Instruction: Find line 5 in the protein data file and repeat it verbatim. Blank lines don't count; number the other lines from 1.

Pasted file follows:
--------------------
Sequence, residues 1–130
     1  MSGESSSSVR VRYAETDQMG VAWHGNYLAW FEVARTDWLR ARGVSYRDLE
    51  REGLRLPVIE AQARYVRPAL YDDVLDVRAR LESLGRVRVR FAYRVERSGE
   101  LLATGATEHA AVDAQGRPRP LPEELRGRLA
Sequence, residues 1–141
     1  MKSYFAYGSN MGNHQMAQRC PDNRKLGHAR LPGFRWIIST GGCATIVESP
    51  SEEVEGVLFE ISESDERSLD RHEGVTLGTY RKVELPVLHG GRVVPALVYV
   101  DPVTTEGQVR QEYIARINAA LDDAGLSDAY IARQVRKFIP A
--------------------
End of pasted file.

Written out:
Sequence, residues 1–141